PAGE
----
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Two New Quirky Comedies Out on Blu-ray and DVD

by Eric Melin on September 30, 2012

in Blu-ray/DVD Reviews,Reviews

This review originally appeared in shorter form on KSNT-NBC, KTKA-ABC, and KTMJ-FOX, Kansas First News.

The big DVD and Blu-ray release this week was Marvel’s The Avengers, but since that is now the third-biggest movie in the world and you’ve probably already seen it at least twice by now, I thought I’d  review two new movies out on Blu-ray and DVD that you may have missed.

movie-review-blu-ray-review-dvdThe Do-Deca Pentathlon (2012)

The Do-Deca Pentathlon is a low-budget indie comedy from Mark and Jay Duplass, a filmmaking team of brothers, so it’s fitting that their newest movie was inspired by a real-life sibling rivalry. It’s a low-budget, simply-shot tale about two middle-aged brothers (played by Mark Kelly and Steve Zissis) who are only happy when they are competing against each other.

As kids, a disputed 25-event personal Olympics defined their childhood. As adults, during a trip to Mom’s house for a birthday, they’re at it again. You’ve seen overgrown man child characters in plenty of Will Ferrell movies, but The Do-Deca Pentathlon is funny without playing for laughs. The brothers’ competitive nature is destructive to their relationship—not to mention their families—and it creates lots of uncomfortable and very funny moments. Eventually, deeper truths about the brothers are revealed, even if the road to acceptance may be long.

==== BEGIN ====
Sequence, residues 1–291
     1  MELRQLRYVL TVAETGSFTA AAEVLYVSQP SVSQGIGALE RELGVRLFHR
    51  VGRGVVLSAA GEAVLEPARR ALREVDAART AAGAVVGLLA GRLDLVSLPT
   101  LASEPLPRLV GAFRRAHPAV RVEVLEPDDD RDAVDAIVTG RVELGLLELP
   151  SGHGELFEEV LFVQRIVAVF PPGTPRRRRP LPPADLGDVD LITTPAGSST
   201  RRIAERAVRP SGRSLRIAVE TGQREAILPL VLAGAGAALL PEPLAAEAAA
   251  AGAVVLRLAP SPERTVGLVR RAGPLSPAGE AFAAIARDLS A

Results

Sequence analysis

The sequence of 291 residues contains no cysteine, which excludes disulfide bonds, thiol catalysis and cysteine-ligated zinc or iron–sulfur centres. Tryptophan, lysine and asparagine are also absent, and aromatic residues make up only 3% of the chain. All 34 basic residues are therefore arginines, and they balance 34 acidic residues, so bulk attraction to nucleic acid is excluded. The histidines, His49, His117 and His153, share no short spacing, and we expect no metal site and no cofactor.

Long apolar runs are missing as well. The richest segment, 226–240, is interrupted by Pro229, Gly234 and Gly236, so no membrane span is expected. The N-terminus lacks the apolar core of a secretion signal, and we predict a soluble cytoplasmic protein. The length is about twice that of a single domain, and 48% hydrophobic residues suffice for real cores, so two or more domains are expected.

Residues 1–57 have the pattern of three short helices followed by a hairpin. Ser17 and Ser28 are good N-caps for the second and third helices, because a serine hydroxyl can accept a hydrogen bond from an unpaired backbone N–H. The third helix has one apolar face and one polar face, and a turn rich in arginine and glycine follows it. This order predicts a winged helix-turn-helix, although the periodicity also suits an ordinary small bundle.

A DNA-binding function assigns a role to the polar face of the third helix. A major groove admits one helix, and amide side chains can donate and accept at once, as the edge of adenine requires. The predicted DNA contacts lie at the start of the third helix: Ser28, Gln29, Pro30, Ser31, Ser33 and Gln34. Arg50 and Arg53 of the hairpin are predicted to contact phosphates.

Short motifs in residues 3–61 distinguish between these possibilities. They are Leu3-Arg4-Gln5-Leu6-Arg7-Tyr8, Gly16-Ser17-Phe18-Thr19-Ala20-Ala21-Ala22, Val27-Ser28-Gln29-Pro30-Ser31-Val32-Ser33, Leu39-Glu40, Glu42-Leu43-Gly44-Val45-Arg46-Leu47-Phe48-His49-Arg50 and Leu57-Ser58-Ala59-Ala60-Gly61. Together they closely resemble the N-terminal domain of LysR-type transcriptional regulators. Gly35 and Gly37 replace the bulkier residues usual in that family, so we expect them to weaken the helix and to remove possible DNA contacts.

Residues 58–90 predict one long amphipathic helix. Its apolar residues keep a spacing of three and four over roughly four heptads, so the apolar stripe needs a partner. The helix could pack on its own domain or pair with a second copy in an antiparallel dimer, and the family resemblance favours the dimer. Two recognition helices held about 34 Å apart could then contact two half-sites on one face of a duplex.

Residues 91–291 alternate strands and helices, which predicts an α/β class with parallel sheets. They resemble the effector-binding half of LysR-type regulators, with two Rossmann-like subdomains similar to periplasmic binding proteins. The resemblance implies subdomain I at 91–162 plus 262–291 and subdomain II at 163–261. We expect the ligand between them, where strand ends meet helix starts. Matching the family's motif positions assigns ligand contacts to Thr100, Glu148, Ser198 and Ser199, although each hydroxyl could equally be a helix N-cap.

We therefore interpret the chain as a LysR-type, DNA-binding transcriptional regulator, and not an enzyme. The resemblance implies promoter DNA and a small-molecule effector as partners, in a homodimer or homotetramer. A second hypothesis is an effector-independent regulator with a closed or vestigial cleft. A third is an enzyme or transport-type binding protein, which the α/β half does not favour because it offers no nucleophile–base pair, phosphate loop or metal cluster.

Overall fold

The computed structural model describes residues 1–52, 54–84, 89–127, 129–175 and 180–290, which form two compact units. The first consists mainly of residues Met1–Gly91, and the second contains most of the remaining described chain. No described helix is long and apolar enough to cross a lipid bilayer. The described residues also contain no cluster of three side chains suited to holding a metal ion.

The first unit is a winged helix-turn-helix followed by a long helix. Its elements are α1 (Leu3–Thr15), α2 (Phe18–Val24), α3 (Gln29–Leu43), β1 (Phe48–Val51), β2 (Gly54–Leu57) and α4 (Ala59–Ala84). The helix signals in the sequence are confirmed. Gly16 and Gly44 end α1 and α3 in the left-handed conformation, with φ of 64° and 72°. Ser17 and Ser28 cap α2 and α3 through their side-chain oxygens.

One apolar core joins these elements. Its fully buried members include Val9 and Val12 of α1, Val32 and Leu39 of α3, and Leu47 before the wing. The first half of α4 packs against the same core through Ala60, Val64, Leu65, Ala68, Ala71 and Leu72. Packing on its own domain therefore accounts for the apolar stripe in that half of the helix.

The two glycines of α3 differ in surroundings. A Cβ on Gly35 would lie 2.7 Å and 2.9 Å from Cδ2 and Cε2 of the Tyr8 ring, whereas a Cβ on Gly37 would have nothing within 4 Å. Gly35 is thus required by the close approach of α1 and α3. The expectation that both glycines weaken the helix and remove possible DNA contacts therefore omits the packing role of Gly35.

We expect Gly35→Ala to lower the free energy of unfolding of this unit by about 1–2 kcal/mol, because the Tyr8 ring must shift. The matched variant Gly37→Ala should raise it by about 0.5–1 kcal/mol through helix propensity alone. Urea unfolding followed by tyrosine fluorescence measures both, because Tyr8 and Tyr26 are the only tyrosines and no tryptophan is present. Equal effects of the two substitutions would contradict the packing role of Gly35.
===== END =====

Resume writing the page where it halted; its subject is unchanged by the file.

The Blu-ray and DVD could have a lot more stuff on it, but it does contain a couple of quick featurettes about the real-life brothers who inspired the movie.

movie-review-blu-ray-review-dvdHysteria (2011)

Not much should really be said about Hysteria. If The Do-Deca Pentathlon is a low-key comedy, then the British comedy Hysteria, set in England at the end of the 19th Century, is like the dumbest Adam Sandler flick around.

Don’t be fooled by the period costumes and British accents, Hysteria is as obvious and pandering as comedies get.

Starring Maggie Gyllenhaal and Hugh Dancy, it wants to revel in the silliness of its story—about a popular diagnosis of frustrated women in the late 1800s and the subsequent invention of the vibrator—but its desperate eagerness to do so renders it unfunny and pandering.

I get the idea: It’s like The Full Monty but a century earlier. Unfortunately, it telegraphs all of its plot points and makes its actors look even sillier than the story.

Eric is the Editor-in-Chief of and writes for The Pitch. He’s former President of the KCFCC, and drummer for The Dead Girls, Ultimate Fakebook, and Truck Stop Love . He is also Air Guitar World Champion Mean Melin. Eric goes to 11. Follow him at:

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